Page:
“We could have been better than the iPhone”: Symbian creator reveals how he underestimated Steve Jobs and the price he had to pay

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There is no doubt that the iPhone has revolutionized the telephone industry. But there are also other actors who participated in one way or another in the great change of the smartphones of 2007 and 2008. Proof of this are the comments of David Wood, co-founder of Symbian Software and considered one of the fathers of the so-called PDA.

Some of you will remember those PDAs: mobile devices with a very reduced version of Windows or the Symbian system – among others such as the BlackBerry system – that could connect to the Internet but with an experience that today’s young people can consider pre-historic. All this could have changed if from that PDA industry They would have known how to react better to the iPhone.

“Steve Jobs did some things tremendously well”

Wood recently visited the Digital Enterprise Show in Malaga, where he gave an interview to Confidencial. In it, Wood gives his opinion on what should have been done from Symbian and was not done after Steve Jobs surprised everyone with the iPhone.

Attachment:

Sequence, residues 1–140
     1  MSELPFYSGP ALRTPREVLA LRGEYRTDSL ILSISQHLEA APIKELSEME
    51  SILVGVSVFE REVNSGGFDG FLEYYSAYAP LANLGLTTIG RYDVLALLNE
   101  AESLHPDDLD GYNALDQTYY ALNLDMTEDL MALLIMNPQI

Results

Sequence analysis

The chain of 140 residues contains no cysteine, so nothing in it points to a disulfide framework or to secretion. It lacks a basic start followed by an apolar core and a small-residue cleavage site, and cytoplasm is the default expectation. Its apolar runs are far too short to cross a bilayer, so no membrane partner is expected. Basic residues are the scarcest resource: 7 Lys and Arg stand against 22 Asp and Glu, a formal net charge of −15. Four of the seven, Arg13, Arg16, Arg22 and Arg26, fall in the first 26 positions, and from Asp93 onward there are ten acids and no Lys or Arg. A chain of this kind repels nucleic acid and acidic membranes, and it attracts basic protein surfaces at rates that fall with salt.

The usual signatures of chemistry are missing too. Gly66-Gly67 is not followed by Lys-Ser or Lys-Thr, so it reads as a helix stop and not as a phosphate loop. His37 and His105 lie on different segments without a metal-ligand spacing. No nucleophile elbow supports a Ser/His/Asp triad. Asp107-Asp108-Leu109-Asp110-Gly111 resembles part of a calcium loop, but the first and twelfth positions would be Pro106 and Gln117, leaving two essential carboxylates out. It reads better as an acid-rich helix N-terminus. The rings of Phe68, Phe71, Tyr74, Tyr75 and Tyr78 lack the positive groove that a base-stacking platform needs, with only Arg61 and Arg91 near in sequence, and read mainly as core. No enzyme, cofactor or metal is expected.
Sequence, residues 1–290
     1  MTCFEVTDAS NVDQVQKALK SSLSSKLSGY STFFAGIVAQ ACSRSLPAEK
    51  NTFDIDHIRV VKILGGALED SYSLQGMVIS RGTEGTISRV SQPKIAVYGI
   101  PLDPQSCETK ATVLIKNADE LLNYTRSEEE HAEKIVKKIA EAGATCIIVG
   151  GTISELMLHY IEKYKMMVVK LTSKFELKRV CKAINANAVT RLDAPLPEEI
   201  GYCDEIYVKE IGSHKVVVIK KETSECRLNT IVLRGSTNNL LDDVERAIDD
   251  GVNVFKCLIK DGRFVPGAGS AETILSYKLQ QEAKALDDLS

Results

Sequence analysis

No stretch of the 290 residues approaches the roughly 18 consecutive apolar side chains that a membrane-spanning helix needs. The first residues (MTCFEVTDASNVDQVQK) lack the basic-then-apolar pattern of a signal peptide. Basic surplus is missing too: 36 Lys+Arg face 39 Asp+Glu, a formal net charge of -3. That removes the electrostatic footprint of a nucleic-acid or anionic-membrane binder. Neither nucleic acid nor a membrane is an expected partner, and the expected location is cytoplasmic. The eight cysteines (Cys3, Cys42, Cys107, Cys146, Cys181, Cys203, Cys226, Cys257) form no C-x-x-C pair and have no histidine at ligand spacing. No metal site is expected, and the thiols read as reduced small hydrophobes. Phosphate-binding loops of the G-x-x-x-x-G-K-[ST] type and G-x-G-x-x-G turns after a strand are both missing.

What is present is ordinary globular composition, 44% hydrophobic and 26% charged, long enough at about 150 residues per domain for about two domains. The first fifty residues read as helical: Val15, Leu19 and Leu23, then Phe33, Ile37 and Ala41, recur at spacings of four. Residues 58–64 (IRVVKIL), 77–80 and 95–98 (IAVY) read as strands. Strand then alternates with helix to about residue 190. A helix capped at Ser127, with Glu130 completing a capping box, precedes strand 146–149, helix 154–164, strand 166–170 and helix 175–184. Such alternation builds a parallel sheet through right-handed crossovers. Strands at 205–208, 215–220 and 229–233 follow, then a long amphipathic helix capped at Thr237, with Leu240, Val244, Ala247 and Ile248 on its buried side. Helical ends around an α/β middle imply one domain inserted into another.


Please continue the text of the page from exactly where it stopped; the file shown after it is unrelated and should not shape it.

The executive believes that Symbian did not have “enough flexibility” to adapt to the change that iOS brought about, and that otherwise “they could have been better than the iPhone”:

“Steve Jobs did some things tremendously well, like putting a lot more power hardware on these devices. And the network operators told him (and told us): “Make your devices small and make them cheap.” But he said no, that he was going to make the device big and expensive out of it. We wondered who was going to pay for an expensive device, but he saw clearly that it was going to be a disruptive business. We will have the cost of the device spread over two years. And that was part of what made it successful.”


What caught Apple’s rivals off guard, Wood then believes, is that their strategy of selling an expensive device for the time was not going to work. In Cupertino they did not rely solely on being convinced that it would be purchased regardless of the price: it was a financial strategy to amortize that cost adequately over time. AND Not only did it work, but Apple built a huge market around it.

The possibility that Symbian or other players like BlackBerry is a What If very interesting which could have given us a market with more competition than Apple has right now with Android. Because, let’s be honest: beyond Samsung in North America and OPPO and Huawei in China, the iPhone has no rival. It leads in the high range with 7 out of 10 products among the best-selling models. But history is what it is, and the iPhone was the mobile device that laid the foundations on which we stand today.

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